Ever since the ongoing Sino-India military standoff started in Eastern Ladakh along the Line of Actual Control- the effective India-Tibet (China-controlled) border, there have been speculations about how the conflict could get widened in no time. Time and again references have been made to the Sino-India border in Arunachal Pradesh. Ladakh and Arunachal Pradesh (then NEFA) were the two main theatres that had got activated during the Sino-India war in 1962.
China claims India’s state of Arunachal Pradesh and calls it ‘South Tibet’ and therefore there have been murmurs about how the Eastern Ladakh standoff could create tensions on the Eastern part of the Sino-India border also. But the ongoing standoff hasn’t really stretched into Arunachal Pradesh. The Chinese People’s Liberation Army (PLA) remains reluctant to activate the Eastern front primarily because India has a major strategic advantage over China on the Arunachal border with China.
According to ET, India has enhanced its preparedness along all the “six disputed areas” and “four sensitive areas” in Arunachal Pradesh which had got activated during the 1962 war. A top defence source told ET, “Four of the disputed areas are in Asapila, Longzu, Bisa and Majha in Upper Subansiri district where the Chinese PLA has already built a road through Bisa from one point of the LAC to another.”
But India has a big advantage in the Asapila sector. The defence source added, “China claims the entire Asapila sector as its territory and it is a disputed area. This high-altitude area is a difficult position for both the Chinese and Indian armies and Chinese PLA cannot afford to occupy this area, especially during the winter. They will be cut off for nearly six months.”
India enjoys an even bigger advantage in the other two disputed areas- Tulung-la and Yangtse located in the Tawang district of Arunachal Pradesh. These two districts were the epicentre of the 1962 Sino-India war and therefore remains tactical hotspots. Now, India is in the occupation of these strategic areas, as the Chinese PLA had completely withdrawn from the erstwhile NEFA, unlike Ladakh after the 1962 war.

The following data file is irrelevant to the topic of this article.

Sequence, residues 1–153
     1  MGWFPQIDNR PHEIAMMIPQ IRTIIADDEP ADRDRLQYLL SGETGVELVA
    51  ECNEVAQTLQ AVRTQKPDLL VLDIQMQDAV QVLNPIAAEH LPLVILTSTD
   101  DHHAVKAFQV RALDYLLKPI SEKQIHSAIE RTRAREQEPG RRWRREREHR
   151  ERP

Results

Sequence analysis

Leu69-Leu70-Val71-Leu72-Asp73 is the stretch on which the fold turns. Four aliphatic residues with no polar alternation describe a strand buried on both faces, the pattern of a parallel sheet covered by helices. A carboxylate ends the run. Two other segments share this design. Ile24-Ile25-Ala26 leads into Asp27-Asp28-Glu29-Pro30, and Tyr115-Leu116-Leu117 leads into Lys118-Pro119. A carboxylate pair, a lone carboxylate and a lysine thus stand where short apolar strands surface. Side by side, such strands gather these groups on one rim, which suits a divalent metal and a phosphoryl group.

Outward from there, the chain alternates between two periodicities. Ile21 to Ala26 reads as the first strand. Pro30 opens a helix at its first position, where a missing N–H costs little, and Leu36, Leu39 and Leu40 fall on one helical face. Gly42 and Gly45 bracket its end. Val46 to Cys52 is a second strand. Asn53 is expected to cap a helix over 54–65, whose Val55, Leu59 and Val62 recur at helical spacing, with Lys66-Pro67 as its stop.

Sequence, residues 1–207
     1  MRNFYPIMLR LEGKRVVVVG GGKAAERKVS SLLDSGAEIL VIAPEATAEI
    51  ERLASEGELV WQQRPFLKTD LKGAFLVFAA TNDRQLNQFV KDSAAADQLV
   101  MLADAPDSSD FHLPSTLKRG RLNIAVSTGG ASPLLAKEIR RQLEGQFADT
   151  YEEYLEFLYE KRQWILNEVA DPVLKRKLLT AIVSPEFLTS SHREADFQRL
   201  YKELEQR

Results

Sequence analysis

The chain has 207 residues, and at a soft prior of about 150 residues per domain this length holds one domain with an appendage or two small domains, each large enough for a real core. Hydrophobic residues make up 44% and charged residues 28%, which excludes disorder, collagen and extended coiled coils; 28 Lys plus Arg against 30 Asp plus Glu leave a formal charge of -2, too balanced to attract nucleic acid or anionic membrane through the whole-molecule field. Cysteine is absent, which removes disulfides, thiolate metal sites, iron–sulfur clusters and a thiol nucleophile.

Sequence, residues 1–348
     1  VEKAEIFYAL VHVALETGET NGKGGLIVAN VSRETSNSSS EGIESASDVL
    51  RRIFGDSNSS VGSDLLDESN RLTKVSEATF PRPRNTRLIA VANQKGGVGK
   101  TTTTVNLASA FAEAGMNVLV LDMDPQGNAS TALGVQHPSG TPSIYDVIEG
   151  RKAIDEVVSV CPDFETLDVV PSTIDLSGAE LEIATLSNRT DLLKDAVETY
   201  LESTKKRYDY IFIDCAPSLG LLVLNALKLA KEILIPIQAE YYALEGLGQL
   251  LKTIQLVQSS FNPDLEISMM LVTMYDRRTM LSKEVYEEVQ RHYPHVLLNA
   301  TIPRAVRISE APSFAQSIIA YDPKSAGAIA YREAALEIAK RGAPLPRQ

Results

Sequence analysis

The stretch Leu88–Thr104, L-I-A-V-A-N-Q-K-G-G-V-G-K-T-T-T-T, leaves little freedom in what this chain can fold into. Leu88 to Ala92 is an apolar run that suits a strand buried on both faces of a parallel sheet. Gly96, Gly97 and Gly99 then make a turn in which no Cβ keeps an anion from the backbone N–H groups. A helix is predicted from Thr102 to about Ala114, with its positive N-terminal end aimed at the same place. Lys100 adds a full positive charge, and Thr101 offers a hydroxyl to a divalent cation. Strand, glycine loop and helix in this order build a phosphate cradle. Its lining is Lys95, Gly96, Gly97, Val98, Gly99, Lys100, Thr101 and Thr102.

Moreover, India has been constructing robust road infrastructure that will boost connectivity to the disputed points on the Sino-India border in Arunachal. In 2017, India, the Borders Road Organisation (BRO) started constructing two tunnels across the inhospitable Sela Pass located at an altitude of 4,170 metres. Speaking about the tunnel project, Arunachal Pradesh Chief Minister Pema Khandu recently said, “Happy to notice the work progress, all work will be completed by end of 2021.”
The tunnel project is going to cut down the road distance to the China border via Tawang by 10 kilometres. Moreover, the travel time between Tezpur, where the Indian Army’s 4 Corps headquarters are located, and Tawang would also be cut down by about one hour.
More importantly, the Sela Pass tunnel project will make the 171-km Bomdila-Tawang stretch of the National Highway-13 that connects Wakro and Tawang an all-weather road, allowing Indian troops to access the China border round the year. Frosty winters will no longer curtail India’s bid to mobilise troops, ammunition and equipment at the China border through Tawang.
China is already getting a bloody nose from the Indian Army troops in Eastern Ladakh, but the Chinese PLA knows that it will face even more setbacks if military tensions stretch into Arunachal Pradesh. China feels that the disadvantage it faces in Eastern Ladakh is not as damning as the one it faces in Arunachal. Therefore, the PLA is dragging the standoff in Eastern Ladakh while consciously avoiding any escalation near Arunachal Pradesh.